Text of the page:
The Rise of Digital Ad Blocking and Five Ways to Adapt

The Rise of Digital Ad Blocking

Are you getting fed up with digital ads showing up you where ever you go online? You are not alone. Statistics vary, but over a period from 2013 to Mar 2016 Smashing Magazine reports that ad blocking jumped from from 13% to 55%. Ad blocking rates on mobile devices have been reported even higher.

This is causing a lot of worry in the digital marketing world. Google Adwords and other more sophisticated digital ad services have commandeered the a lion’s share of the ad spending in a shift from print and other broadcast media. For B2C tourism businesses, this can really affect your ability to get in front of people’s eye. For those not fully involved in this, now is a good time to learn a little about this new wrinkle and what tactics you can employ to make sure that your message still gets out there.

The promise of digital advertising is great. Target ads to your best prospects, retarget your inbound website visitors with tracking ads and obtain outstanding ability to measure and test your advertising. It is not going away, but you should be thinking once again about how to diversify your limited marketing revenue. Here are some ideas to help you.

  1. If you are in a community that has a good visitor website, petition your local  DMO to buy into a community booking engine, like Simbiosis. It can be loaded up very quickly and contain all interested players, be they campgrounds, activity providers, food and drink, bed and breakfasts as well as more mainstream accommodators.  If your community does not have a good website, think about making your own with some partners. You may be able to apply for co-op advertising dollars from your province or other senior level marketing authority. Creating links to each other increases your chances of showing up on organic search results and if a person books something, it will suggest other items in your marketing group.
  2. If you are a brand and have good opportunities to get repeat business, you may want to pay for an app to be developed for mobile. But it is still up to you to make sure your customers download the app and keep using it.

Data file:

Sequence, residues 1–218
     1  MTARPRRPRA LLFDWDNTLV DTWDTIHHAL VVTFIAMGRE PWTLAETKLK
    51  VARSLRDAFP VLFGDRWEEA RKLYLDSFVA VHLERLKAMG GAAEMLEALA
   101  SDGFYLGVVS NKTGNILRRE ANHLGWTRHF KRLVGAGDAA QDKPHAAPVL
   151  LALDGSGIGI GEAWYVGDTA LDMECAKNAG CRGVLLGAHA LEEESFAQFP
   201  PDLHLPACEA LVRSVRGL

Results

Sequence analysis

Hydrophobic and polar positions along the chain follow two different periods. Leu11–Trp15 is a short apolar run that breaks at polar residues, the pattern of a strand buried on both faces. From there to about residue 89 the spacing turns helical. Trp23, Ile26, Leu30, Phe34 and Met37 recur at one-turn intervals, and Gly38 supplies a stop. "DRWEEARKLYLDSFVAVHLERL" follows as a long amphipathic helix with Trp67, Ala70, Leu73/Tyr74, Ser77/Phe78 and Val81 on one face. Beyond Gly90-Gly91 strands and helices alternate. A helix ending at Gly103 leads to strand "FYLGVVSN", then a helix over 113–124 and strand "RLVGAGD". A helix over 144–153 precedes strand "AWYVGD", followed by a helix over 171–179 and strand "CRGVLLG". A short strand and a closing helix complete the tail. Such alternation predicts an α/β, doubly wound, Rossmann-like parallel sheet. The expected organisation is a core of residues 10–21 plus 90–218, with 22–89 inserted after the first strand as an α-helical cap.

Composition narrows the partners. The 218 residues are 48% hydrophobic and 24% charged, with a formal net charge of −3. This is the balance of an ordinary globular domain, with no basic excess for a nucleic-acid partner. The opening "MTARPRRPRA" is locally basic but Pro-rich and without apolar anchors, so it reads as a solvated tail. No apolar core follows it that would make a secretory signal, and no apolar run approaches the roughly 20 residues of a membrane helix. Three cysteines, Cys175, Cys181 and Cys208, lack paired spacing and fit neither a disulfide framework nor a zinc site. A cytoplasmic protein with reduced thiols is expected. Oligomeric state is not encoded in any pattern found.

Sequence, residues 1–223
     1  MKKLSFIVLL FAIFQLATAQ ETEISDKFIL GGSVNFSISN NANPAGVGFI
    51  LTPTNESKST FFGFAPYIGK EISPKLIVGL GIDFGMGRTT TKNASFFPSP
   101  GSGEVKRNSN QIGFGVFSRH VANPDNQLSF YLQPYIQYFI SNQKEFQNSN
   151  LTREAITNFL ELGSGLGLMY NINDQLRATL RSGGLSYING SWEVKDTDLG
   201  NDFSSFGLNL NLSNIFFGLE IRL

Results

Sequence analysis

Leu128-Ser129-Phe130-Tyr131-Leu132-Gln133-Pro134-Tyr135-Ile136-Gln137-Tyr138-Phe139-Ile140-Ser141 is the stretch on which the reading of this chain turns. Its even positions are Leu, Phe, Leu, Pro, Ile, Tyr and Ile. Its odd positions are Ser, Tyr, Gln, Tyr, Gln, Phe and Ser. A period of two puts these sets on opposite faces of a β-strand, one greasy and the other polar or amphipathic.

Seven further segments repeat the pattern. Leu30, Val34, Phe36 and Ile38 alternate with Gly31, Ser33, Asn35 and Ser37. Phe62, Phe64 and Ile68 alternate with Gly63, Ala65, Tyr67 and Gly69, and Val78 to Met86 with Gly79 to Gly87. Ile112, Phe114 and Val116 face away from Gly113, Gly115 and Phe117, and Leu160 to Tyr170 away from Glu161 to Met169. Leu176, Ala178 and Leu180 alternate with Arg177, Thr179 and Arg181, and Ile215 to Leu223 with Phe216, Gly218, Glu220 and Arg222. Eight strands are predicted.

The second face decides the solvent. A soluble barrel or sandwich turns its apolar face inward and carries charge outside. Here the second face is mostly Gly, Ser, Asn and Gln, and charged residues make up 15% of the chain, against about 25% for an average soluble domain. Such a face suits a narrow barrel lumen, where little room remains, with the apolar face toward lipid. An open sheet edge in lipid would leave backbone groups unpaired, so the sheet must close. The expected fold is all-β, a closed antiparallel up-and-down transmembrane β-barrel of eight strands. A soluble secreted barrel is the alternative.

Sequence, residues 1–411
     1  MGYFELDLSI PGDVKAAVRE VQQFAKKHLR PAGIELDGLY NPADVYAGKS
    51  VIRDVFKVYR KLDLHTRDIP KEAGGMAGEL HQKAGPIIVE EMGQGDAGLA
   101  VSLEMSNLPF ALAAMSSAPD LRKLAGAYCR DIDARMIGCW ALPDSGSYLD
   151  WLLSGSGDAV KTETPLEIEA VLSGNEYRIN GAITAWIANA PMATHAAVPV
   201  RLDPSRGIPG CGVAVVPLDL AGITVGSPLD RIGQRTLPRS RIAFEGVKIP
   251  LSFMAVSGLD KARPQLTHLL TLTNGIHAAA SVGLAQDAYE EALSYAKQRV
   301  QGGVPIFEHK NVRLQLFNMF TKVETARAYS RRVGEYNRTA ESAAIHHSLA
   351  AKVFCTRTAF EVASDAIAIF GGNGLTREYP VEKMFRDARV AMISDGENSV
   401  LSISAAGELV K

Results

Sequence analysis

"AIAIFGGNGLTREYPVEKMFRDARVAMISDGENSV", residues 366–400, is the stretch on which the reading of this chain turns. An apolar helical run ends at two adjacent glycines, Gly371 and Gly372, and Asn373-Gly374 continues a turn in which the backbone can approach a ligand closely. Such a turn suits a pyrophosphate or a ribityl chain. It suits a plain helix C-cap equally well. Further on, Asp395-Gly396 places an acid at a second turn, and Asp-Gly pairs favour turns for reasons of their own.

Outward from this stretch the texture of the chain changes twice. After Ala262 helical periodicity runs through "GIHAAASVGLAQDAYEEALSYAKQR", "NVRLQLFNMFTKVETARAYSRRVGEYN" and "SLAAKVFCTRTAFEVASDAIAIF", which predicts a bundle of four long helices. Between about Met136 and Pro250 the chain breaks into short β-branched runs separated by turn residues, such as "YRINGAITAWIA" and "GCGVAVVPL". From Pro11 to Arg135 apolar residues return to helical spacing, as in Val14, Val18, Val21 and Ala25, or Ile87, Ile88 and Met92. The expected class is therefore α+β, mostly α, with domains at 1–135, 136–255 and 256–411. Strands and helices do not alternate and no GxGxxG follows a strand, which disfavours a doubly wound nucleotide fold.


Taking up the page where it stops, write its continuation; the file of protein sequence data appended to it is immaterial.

3. Ads on social media apps can’t be blocked like promoted tweets on Twitter and Facebook. Amplify your presence on Instagram, Snapchat and Pinterest. They are exploring new ways to advertise.
  4. Email marketing, the old workhorse is still showing a lot of life and generally has the best ROI. You should review your site to see if you can get more people signing up.
  5. Content marketing is by it’s nature unblockable, but just be aware that if you contribute to a “sponsored content” section of a sydicated pieced that some ad blockers will block it.

Influencer marketing, maybe more useful to B2B businesses, but reviews on review sites are hugely important. I covered this off in a previous post on this website.

This is far from being a definitive answer and already there a reports that ad blocking add-ons are disabling other functions like airline notifications. One article is headlined (Ad blockers are breaking the internet, study finds.)

If you eschew all sorts of digital marketing, check out this article on trade show secrets and a new article on making really effective rack brochures. There is also a fascinating story on CBC Radio’s Spark called Why brutalism is the hottest trend in web design with a interview with my friend Justin Jackson.